• Chapter Titles: hard break, h2
  • Chapter Section: hard break, h3
  • Paragraph: hard break, normal
  • Empty line between paragraphs: soft break

A good and free text processor that can show the editing marks is Kingsoft Writer. It's a button in the home ribbon that looks like two enter signs.

Other than fonts, headers, page breaks, italics, emphasis and paragraph style your manuscript shouldn't have any formatting.


Formatting No-Nos

Page numbers
Linked (or page-numbered) Table of Contents
Bullet lists
Numbered lists
Page sizes
Direct formatting (creating blank space or page breaks with, hard breaks, tabs and/or spaces)

Once the manuscript is clean and tight, it can be copied to a program like Sigil and saved as EPUB.


2 — The Creation of The Table of Contents (optional)

If you are planning to create an EPUB that you can upload to eBook market portals like Lulu and SmashWords, then the eBook shouldn't have a ToC. It can have one, but it must not have links or page numbers.

First off, auto-generate a table of contents to spot any errors. The ToC has to have the same quantity of items as the book has chapters. If it has more, you used your chosen title h tag for something else other than chapter titles, and if it has less or none, it’s because you haven’t tagged all your chapter’s titles with the same h tag. Goes without saying that any piece of content that comes before the chapters must have a different h tag.

The auto-generated table of contents may have links or page numbers. In that case, copy to a plain text editor to remove all the formatting. Delete page numbers if any. Replace the ToC in the manuscript.


3 —The Placing of Front and End Matters

As you may know by now, EPUB, the contemporary eBook standard, doesn’t carry embedded fonts like PDF did. Every formatting niceties and emphasis must be achieved by header tags, font size, italics, and bold emphasis.

Read a guide on the web on how to write the front matter of your eBook, it’s all the content that comes before the main content.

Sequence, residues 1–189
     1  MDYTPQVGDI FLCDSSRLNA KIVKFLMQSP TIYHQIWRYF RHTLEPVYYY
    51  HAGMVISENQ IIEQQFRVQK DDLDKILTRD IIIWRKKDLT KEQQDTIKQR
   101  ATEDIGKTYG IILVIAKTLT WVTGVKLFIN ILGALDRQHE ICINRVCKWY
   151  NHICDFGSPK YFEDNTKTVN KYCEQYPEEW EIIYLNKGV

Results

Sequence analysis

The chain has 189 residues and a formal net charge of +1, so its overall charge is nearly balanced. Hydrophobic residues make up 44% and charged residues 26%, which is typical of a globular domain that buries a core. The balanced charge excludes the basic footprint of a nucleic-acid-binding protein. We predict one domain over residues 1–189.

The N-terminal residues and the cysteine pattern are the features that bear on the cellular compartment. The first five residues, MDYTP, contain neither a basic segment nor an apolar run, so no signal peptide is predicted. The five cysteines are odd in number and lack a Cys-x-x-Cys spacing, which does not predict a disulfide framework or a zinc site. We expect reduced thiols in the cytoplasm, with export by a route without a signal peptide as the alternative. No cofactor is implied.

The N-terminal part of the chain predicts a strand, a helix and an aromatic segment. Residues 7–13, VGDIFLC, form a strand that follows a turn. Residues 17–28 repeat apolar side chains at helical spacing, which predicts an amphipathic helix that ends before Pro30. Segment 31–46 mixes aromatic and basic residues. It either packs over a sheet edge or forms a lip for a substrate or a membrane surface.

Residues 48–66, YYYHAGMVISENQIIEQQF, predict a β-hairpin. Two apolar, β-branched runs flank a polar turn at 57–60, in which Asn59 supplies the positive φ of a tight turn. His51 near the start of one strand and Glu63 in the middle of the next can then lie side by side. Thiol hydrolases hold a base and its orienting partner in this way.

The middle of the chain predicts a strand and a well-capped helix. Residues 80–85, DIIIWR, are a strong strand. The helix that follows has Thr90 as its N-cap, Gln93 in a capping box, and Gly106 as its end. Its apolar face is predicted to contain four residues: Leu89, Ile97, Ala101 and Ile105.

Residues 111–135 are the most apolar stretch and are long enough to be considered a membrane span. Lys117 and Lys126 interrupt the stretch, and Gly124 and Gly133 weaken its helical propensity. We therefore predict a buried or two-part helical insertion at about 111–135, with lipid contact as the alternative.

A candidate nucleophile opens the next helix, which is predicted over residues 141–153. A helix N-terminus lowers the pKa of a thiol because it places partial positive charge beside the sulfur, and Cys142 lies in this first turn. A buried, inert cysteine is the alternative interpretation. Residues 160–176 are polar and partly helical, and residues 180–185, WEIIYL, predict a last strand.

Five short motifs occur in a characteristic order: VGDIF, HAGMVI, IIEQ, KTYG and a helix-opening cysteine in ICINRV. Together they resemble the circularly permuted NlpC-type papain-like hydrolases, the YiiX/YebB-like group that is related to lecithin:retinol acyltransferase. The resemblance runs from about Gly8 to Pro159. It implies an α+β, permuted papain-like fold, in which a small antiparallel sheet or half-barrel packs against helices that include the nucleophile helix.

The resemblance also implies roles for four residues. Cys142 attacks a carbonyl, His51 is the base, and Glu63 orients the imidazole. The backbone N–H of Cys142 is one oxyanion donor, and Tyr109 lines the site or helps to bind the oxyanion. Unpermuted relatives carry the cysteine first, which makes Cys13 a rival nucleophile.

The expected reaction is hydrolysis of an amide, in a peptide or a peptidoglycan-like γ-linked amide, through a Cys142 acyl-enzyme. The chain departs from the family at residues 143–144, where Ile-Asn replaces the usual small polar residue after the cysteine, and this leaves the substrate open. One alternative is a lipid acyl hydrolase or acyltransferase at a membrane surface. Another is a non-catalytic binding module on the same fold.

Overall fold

If you think it’s too much work or you can’t find one, then get five paper books and study the first pages, you’ll see a more or less rigid pattern to it. Follow it as it is, don’t get creative with the front matter. Copy it, changing the content of the title of the book, the author’s name, and the rest of the front matter content.

The same goes for any additional content that is not the manuscript but the supplementary matter that you decided to put in the last pages, like bibliography, notes, appendixes.


4 — The Cover, The Spine and The Back Cover

Since this is just an eBook, we aren’t concerned with creating a spine cover. Also, I’ve seen many eBooks to have a cover but lack a back cover, I personally won’t go that far. It’s nice for an eBook to have a back cover, even if only for aesthetic reasons. Like the unlinked ToC.

Use a vectors program like Inkscape to design the cover. But first, you need a picture and the typography. Source an image by either designing it, shooting it yourself, buying it from a stock photography silo or getting it from Creative Commons (if you want a free image), and resize it to at least 1400 pixels wide to comply with most of the eBook markets.

Conventional book cover fonts to use are:

  • Baskerville
  • Bodoni
  • Calibri
  • Dings
  • Futura
  • Garamond
  • Helvetica

There are free imitations of these fonts that you can use without having to buy them.

Create also the back cover (generally a summary of the book and/or the writer’s bio) in the vector design program.

Export the images from the vector design software in a high definition format like .TIFF.

Embed the cover and back cover in the eBook. Save as EPUB.

Presto! You created an eBook!

It’s time to go to Amazon, Lulu and Smaswords and begin selling it!


© 2018 Wensley Evolo
Photo Credit: Javier Candeira